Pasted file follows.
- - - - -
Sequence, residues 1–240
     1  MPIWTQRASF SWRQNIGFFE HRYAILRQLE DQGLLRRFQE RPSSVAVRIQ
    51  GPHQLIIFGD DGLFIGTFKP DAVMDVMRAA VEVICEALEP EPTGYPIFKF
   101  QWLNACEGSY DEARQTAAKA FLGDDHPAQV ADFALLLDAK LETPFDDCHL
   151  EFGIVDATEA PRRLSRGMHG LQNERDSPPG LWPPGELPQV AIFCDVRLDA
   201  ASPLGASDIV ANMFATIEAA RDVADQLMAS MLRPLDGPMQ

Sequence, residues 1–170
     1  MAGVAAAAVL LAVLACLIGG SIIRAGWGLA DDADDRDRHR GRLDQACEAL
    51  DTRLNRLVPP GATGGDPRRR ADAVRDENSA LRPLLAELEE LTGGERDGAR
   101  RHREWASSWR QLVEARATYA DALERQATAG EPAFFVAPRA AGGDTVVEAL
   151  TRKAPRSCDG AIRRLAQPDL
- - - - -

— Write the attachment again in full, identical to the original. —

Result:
Sequence, residues 1–240
     1  MPIWTQRASF SWRQNIGFFE HRYAILRQLE DQGLLRRFQE RPSSVAVRIQ
    51  GPHQLIIFGD DGLFIGTFKP DAVMDVMRAA VEVICEALEP EPTGYPIFKF
   101  QWLNACEGSY DEARQTAAKA FLGDDHPAQV ADFALLLDAK LETPFDDCHL
   151  EFGIVDATEA PRRLSRGMHG LQNERDSPPG LWPPGELPQV AIFCDVRLDA
   201  ASPLGASDIV ANMFATIEAA RDVADQLMAS MLRPLDGPMQ

Sequence, residues 1–170
     1  MAGVAAAAVL LAVLACLIGG SIIRAGWGLA DDADDRDRHR GRLDQACEAL
    51  DTRLNRLVPP GATGGDPRRR ADAVRDENSA LRPLLAELEE LTGGERDGAR
   101  RHREWASSWR QLVEARATYA DALERQATAG EPAFFVAPRA AGGDTVVEAL
   151  TRKAPRSCDG AIRRLAQPDL